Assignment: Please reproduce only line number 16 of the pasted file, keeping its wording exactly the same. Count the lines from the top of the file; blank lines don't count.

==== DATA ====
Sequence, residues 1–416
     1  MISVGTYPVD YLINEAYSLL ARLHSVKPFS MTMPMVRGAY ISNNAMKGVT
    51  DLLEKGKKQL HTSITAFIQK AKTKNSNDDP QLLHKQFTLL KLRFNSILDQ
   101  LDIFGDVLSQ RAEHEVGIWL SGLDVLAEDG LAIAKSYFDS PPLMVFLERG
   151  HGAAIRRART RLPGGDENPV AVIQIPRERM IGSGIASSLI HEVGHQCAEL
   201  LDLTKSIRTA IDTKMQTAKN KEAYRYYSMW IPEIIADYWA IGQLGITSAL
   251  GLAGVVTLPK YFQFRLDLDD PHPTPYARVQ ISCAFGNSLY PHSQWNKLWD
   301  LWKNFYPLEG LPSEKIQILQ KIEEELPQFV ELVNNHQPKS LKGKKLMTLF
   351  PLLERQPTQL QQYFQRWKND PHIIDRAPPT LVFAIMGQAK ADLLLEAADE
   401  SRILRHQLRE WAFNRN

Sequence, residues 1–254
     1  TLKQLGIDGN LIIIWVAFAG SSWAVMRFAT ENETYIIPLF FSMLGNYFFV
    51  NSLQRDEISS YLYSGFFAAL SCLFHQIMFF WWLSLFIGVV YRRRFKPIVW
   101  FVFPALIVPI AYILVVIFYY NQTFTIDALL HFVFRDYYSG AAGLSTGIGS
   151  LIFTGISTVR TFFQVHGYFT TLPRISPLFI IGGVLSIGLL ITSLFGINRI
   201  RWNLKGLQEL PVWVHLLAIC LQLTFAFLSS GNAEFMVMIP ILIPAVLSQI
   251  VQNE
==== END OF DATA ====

   201  RWNLKGLQEL PVWVHLLAIC LQLTFAFLSS GNAEFMVMIP ILIPAVLSQI